- The Washington Times - Thursday, January 10, 2002

RICHMOND Virginia Gov. James S. Gilmore III gave his swan song speech to a joint session of the General Assembly last night, saying he fought for the common, taxpaying Virginian and has no regrets about his four years in office.
"The everyday concerns of working men and women have been the everyday concerns of this administration," he said.
Mr. Gilmore leaves office Saturday. By law, Mr. Gilmore, a Republican, cannot run for a consecutive term.
He did not allude to last year's session, a bruising battle in which he often fought with fellow Republicans. Rather, he spoke of uniting those with political differences.
"The lasting legacy of this administration will not be a single policy or program, but the new life that we have breathed into our democracy," said Mr. Gilmore, who became emotional toward the end of the 45-minute speech. "We have replaced the single-party system with a marketplace of ideas in which both parties can compete."
Gov.-elect Mark R. Warner, the first Democrat in eight years to be elected governor, takes office this weekend.
During the upbeat State of the Commonwealth speech, Mr. Gilmore paid tribute to two Virginia State Police troopers who responded to the September 11 terrorist attack on the Pentagon.
Trooper Michael Middleton and Trooper Myrlin Wimbish received the newly created Governor's Medal of Valor.
Mr. Gilmore made reference to many of his administration's accomplishments and reforms, saying they "empowered" Virginians by giving back their tax dollars and improving education and transportation.
Delegate John A. "Jack" Rollison III, Prince William Republican, had plaudits and criticism for the outgoing governor. He said that while Mr. Gilmore deserves credit for reforms in education, the transportation system has problems that may have grown worse over the last four years, especially in Northern Virginia.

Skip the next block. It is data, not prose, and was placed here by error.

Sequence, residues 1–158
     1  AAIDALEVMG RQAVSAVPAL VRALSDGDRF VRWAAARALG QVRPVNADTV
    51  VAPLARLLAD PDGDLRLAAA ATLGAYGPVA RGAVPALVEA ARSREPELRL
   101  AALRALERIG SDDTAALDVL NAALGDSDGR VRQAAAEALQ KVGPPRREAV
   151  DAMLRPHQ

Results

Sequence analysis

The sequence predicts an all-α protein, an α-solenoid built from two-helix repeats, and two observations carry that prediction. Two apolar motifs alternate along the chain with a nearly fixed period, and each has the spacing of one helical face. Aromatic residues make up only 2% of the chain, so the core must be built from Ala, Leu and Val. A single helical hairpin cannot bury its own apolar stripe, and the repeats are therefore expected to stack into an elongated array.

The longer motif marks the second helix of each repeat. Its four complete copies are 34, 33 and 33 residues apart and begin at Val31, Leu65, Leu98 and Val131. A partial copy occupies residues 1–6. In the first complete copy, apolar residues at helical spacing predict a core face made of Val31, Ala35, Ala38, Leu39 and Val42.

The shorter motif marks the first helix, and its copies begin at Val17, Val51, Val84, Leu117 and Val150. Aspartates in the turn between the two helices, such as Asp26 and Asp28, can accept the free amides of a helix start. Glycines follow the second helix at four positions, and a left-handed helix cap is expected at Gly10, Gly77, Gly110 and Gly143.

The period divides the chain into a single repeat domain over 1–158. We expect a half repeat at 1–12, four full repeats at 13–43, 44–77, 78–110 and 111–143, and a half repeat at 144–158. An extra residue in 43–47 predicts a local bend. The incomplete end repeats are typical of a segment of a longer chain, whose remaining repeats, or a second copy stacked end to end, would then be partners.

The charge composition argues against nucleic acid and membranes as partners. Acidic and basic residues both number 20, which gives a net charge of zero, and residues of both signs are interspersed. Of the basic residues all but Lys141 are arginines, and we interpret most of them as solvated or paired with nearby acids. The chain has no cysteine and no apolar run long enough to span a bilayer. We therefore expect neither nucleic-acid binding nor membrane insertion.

In presenting his final budget last month, Mr. Gilmore said the state could be in the red during the 2003-2004 biennial budget by $2 billion. Already, the state is facing a $1.3 billion shortfall for the remainder of this budget cycle, which ends June 30. The budget shortfall forced Mr. Gilmore to delay the full repeal of the car tax, which is now expected to be phased out by the end of fiscal 2004.
Mr. Gilmore defended his efforts to close the budget gap. He said taking $467 million out of the nearly $1 billion rainy day fund was among the necessary, "difficult decisions now for a better and more flexible future."
"It is a conservative, responsible and balanced budget," he said.
Mr. Gilmore won the governorship in 1997 largely on the promise to eliminate the hated car tax. He seemed to be a rising star in the national Republican Party when President Bush rewarded Mr. Gilmore for helping deliver Virginia in the 2000 presidential election by making him chairman of the Republican National Committee. But after the party lost the two gubernatorial races in November in Virginia and New Jersey Mr. Gilmore resigned the post.
After his speech, Mr. Gilmore told reporters that "it's kind of a hidden blessing" that he can't run again because he will now get to spend more time with his family.
House Democratic Caucus Chairman Brian J. Moran of Alexandria said in his party's response to Mr. Gilmore's speech that the General Assembly must cooperate to ensure the political squabbling of a year ago doesn't happen again.
"Let there be no mistake: Virginia's fiscal situation is very serious, and it will require uncommon discipline and sacrifice to balance the current state budget," Mr. Moran said.
Mr. Moran and state Sen. Louise L. Lucas, Portsmouth Democrat, stressed the need to put Virginians first by assigning partisanship and regional bickering to the back burner.
"It's time to get back to basics with our budget," Ms. Lucas said.
House Minority Leader Franklin P. Hall, Richmond Democrat, said he was disappointed that Mr. Gilmore ignored the specifics of the fiscal crisis the state is in, adding that it will be up to the legislature and Mr. Warner to restore "fiscal sanity" to Virginia.
State Sen. Janet D. Howell, Fairfax Democrat, was more critical.
"We're left picking up the pieces," Ms. Howell said. "We're now focused on putting together the shambles of our state budget."

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